A fond farewell
Peter Marzio's private memorial is a celebration of an "astounding" career
With solemn respect, minimal fanfare and an overwhelming turnout of Houston notables, the Museum of Fine Arts, Houston bid formal farewell to Peter Marzio in an invitation-only program Sunday night at the museum. Marzio died of cancer last month, a surprise to many who had no idea that he was gravely ill.
"A Remembrance of Peter C. Marzio" reflected on the man, who in his 28 years at the helm, transformed the MFAH from a quaint city art museum into a world-class institution. None of the six speakers said it more effectively than Philippe de Montebello, MFAH director from 1969 to 1973 and director of the Metropolitan Museum of Art in New York from 1977 to 2008, who noted, "The transformation in Peter's service has been no less than astounding."
Marzio was not born a Houstonian, de Montebello told the gathering of approximately 750, but he became a Houstonian and "in pygmalion-like fashion breathed life into the museum."
The Brown auditorium, which seats 350, was filled to near capacity and Cullinan Hall held the overflow crowd that numbered close to 400. In an effort to keep the memorial truly private, per family wishes, guests names were checked by museum staff as they entered the door. Following the hour-long program, orchestrated by the family, guests were invited to a reception in the Sarah Campbell Blaffer Foundation Galleries of the Audrey Jones Beck Building.
MFAH board chair Cornelia Long led the tribute, ticking off Marzio's multitude of accomplishments from the various exhibitions and acquisitions to the opening of new areas of interest, including the Arts of India gallery and the remarkable gunpowder installation of artist Cai Guo-Qiang.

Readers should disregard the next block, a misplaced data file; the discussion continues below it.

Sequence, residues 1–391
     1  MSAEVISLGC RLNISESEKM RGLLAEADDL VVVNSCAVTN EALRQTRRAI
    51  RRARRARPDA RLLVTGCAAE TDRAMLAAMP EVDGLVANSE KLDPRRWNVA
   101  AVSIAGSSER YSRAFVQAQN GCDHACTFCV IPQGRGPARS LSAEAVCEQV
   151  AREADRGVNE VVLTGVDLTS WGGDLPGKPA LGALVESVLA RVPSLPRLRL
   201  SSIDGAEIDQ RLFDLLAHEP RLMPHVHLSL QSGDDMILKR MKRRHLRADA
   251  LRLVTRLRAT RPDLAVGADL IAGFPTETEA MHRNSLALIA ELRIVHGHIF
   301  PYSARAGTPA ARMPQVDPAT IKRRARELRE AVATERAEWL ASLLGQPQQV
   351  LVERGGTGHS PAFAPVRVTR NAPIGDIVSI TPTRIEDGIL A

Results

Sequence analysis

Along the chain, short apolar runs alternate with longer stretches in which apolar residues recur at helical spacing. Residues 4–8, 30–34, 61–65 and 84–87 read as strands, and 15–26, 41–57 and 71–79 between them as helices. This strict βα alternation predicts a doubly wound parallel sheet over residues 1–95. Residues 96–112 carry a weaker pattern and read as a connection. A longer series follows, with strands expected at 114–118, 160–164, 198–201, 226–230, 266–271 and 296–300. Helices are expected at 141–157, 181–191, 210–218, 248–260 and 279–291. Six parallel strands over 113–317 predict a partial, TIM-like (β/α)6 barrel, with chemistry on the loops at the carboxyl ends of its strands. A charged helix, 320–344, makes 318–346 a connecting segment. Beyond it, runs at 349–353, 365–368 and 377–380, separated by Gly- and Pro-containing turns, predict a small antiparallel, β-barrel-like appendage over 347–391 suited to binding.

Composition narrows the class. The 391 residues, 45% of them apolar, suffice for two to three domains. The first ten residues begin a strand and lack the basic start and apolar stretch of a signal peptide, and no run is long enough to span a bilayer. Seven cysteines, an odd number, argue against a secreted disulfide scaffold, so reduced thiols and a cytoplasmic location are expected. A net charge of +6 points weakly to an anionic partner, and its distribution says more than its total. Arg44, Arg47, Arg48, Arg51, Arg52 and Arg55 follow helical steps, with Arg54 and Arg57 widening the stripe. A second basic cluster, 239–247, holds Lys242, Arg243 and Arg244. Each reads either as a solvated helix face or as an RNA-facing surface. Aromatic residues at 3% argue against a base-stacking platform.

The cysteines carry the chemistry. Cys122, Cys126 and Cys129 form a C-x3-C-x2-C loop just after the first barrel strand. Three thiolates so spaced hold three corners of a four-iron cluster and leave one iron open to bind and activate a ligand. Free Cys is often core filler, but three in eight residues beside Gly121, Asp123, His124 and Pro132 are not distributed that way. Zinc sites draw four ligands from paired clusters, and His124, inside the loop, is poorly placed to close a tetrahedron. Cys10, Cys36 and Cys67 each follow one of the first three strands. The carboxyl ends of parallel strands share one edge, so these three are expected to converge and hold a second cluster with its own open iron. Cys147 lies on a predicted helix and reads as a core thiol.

MFAH trustee Rich Kinder followed with a recounting of the physical growth of the museum under Marzio's stewardship. He also spoke to Marzio's zest for life — his love of skiing and hiking in the mountains of Aspen, his love of fly-fishing and his passion for jogging at least 4 miles each day until cancer interrupted his routine.
Legendary trial attorney and Marzio close friend and traveling companion Joe Jamail interjected with his view of Marzio as a personal friend.
In closing, Frances Marzio gave brief and reserved remarks thanking, on behalf of herself and of Marzio's two children from a previous marriage, Sara and Steven, those who spoke and those who attended.
Among them was Mayor Annise Parker who praised the evening as "a beautiful memorial." She and Minnette Boesel, the Mayor's assistant for cultural affairs, were among VIPS in the auditorium. Tony and Isaac Arnold, the MFAH board chair who brought Marzio to Houston, past board chair Isabel Wilson and husband Wallace and Clare Glassell, widow of the late Alfred C. Glassell Jr., past board chair and personal Marzio friend were present.
To name all the notables in the gathering would take more space than even the Internet allows but a few included Michelle and Frank Hevrdjes, Carol and Mike Linn, Ginger and Jack Blanton, Nidhika and Pershant Mehta, Barbara and Corbin Robertson, Martha Long, Meredith Cullen, Anne and Charles Duncan, Brenda and John Duncan, Houston Grand Opera's Anthony Freud, Contemporary Arts Museum Houston director Bill Arning, Sarah and Bill Morgan, John Daugherty and Diane Lokey Farb, who has been instrumental in helping Frances Marzio deal with her loss.
While the evening was for the most part dry of tears, there were those moved once again at the loss of Peter Marzio, including his friend (and my husband) Shafik Rifaat who remarked, "I will truly miss his mischievous smile and his wicked sense of humor."
The common refrain throughout the reception was the question of who could possibly fill Peter Marzio's shoes. Indeed.